I love being with older women for their knowledge and wisdom, but also because they are fit and strong in mind and body. When my confidence lags, they are there to tell me that I've survived and that I will survive again. They shore me up with their wisdom and their mettle.

Mary Beard, Judith Tarr, Vonda McIntyre, just to name three, are all older women who paved the way for women like you and me to enter our fields. We shouldn't shut them away or hide them from sight. We owe them our gratitude and to keep them in the light while also recognizing the younger talent coming into our respective fields. We can do both.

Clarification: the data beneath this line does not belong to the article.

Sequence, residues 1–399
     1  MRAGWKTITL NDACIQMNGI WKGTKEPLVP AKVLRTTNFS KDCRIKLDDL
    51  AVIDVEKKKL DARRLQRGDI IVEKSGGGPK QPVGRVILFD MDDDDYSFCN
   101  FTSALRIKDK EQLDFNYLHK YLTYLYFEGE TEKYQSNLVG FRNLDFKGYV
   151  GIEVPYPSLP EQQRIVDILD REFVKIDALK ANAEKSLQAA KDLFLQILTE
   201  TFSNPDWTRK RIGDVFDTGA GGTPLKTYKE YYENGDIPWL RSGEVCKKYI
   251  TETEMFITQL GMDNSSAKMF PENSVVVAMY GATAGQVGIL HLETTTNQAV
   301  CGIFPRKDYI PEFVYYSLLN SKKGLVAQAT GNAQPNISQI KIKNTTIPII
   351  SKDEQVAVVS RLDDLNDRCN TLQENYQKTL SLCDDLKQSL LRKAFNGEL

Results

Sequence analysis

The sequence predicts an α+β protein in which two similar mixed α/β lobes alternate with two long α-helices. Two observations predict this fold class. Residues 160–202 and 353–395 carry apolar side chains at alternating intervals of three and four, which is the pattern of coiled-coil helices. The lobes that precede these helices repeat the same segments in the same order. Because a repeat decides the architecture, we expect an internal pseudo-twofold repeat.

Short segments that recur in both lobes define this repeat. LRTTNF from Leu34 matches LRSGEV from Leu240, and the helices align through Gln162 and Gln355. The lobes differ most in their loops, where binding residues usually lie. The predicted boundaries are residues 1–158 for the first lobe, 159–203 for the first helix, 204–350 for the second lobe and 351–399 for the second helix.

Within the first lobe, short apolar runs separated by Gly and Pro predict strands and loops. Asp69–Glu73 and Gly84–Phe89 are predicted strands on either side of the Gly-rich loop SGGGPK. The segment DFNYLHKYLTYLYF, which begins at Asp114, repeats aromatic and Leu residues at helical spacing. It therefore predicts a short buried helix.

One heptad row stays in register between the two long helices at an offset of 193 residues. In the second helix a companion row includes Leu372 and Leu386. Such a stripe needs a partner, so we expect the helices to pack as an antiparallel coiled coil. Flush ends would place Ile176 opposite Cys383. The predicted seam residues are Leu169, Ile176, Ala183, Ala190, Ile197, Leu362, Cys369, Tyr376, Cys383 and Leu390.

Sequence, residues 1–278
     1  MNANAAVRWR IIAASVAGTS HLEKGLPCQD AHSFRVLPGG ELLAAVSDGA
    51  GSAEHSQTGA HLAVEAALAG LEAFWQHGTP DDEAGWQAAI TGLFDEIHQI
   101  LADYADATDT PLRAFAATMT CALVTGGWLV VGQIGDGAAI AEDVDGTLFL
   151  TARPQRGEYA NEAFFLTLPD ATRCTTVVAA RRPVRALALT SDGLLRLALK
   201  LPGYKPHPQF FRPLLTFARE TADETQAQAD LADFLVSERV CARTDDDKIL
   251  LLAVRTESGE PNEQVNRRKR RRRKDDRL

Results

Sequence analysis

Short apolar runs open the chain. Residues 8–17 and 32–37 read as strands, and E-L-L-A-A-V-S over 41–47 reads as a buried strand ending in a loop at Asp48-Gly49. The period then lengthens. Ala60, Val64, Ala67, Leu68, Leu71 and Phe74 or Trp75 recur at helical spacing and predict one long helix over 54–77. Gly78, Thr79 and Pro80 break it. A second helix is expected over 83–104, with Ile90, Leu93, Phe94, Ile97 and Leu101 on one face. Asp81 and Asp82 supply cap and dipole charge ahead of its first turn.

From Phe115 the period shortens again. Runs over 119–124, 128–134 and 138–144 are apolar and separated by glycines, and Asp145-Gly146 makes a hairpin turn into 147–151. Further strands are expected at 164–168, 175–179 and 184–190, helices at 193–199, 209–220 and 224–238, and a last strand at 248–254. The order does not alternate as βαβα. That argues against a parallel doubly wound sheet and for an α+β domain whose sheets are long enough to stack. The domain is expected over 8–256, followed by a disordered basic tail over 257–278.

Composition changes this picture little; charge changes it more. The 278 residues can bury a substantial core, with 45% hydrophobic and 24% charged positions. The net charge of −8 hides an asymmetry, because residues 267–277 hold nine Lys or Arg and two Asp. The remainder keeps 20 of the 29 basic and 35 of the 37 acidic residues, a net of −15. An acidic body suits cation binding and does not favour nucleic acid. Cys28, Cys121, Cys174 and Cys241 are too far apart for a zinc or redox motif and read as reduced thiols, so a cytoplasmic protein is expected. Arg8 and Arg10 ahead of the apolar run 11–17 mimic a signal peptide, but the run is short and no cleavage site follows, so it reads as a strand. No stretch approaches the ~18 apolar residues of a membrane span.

In fact, we must do both, because when you erase older women from your stories, your productions, your films, you're telling younger women they don't exist after age fifty, or they turn into wretched jealous creatures, who seek nothing but their lost youth. That is neither fair to them or to older women. We should be just as vocal when older women are airbrushed from a production as we are when a work is whitewashed, because I hate to be the one to break this to you; however, if you're very, very lucky, you may one day be old yourself.

/rant

Fieldnotes: Juan Pujol Garcia, code name GARBO

This week's Fieldnotes pays tribute to an unsung Catalan hero of World War II, who does not feature in any of the Los Nefilim novels, but his whole story is so weird and unusual that I absolutely cannot forgo bringing him to your attention. My original search was for Spanish spies who were famous for their work either during the Spanish Civil War or World War II. While I found many worthy spies, the one who snagged my attention was Juan Pujol García (14 February 1912 - 10 October 1988).